Who’s Running the World Cup?

World Cup Cricket News 05/02/03

Report by Jon Cocks

Australian Prime Minister John Howard, who led the call for Zimbabwe to be suspended from the Commonwealth at the last CHOGM gathering, was first quizzed on the Zimbabwe issue a month ago. Bat and pad close together, he appeared to be urging the ICC to look at the issue again, presumably to take on board the political aspect of the conundrum.

He indicated that teams slated to play in Zimbabwe during the Cup should be 'all in or all out', noting that the ICC appeared only to be considering the player safety issue. Howard then went onto the front foot, branding Mugabe's government 'illegitimate' and the product of 'a rigged election', with 'an appalling human rights' record. In apparent retaliation, Mugabe echoed the 'convict' line for a cheap headline at Australian expense.

If we’re all convicts, what does that make him? Mugabe is a cynical, probably deranged tyrannical despot and what he knows about Australia - other than research done for him by his “war veteran” flunkies - is unlikely to fill the back of a postage stamp. Decisive action is needed to discredit him roundly in international circles. But what do we get instead?

Desperate to be seen as showing firm leadership, the ICC flatly insists that no game will be re-scheduled. Malcolm Speed visited Zimbabwe and declared that he was happy with security arrangements, despite mounting evidence to the contrary. In a country whose own cricketers have anonymously requested that matches be moved to South Africa, cricket’s governing body insists that there is nothing to fear.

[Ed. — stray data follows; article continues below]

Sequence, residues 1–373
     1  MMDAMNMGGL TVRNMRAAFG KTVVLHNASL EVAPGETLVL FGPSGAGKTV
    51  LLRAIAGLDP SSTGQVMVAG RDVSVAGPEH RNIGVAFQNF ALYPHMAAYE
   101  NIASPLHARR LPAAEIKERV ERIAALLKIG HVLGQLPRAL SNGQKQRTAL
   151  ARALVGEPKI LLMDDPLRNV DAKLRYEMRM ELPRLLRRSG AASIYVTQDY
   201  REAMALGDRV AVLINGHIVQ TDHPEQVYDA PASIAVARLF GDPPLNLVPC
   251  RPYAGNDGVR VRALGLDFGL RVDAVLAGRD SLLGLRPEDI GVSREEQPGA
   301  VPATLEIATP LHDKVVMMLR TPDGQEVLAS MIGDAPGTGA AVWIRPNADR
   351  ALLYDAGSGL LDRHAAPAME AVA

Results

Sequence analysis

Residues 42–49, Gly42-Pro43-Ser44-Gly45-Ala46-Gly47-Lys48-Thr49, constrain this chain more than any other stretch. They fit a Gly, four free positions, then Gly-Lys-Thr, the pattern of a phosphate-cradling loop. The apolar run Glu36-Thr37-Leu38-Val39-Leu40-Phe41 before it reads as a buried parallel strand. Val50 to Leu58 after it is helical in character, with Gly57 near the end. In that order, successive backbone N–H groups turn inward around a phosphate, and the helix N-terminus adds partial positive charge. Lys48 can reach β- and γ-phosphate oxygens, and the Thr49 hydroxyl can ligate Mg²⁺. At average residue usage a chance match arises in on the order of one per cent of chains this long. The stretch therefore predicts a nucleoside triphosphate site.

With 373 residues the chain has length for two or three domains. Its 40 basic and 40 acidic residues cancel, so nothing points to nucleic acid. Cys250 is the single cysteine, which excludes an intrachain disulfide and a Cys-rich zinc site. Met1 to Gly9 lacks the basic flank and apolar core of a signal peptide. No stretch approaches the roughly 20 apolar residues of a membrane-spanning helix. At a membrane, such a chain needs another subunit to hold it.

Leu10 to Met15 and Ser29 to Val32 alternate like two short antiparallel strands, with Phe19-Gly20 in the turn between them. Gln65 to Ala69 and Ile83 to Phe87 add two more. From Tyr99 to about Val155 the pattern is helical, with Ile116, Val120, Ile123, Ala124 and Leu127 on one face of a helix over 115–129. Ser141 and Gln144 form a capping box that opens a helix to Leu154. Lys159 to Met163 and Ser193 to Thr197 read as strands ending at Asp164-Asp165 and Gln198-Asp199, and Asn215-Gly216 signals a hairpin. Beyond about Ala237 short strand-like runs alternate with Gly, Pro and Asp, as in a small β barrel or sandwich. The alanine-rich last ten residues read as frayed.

Does the ICC dance to an Indian tune that appears to recognise the Mugabe regime? If not, why is the ICC so slow to acknowledge the overwhelming body of evidence that the country is unsafe and that the concerns of its citizens are legitimate?

It was very quick to sacrifice Darren Lehmann on the altar of Asian indignation over his unfortunate outburst. With Al-Qaeda in Kenya and possibly Zimbabwe and the ability to relocate matches to South Africa at short notice, what’s the problem?

Players steer well clear of making political statements that could come back to bite them where the sun doesn't shine at all kinds of inopportune moments, but safety is another matter. The Zimbabwean Police can’t guarantee that there won’t be violence in Bulawayo, when they clash with anti-government demonstrators at the still-mooted Zimbabwe vs Australia match.

This is not a matter for the players, whose job it is to try and win the World Cup. None of them want to hand valuable points over by forfeit. It is too much to ask them to make a stand on principle, while government leaders and cricket boards fumble in the field. It has become clear that the ICC will let those metaphorical fumbles go for overthrows.

Australia, England and everyone else scheduled to play in Zimbabwe and Kenya should present a united front to the ICC and demand that the matches be rescheduled in South Africa. The Australian players - like their England counterparts - have indicated that they'll be guided as to the final decision; no one wants to become embroiled in politics.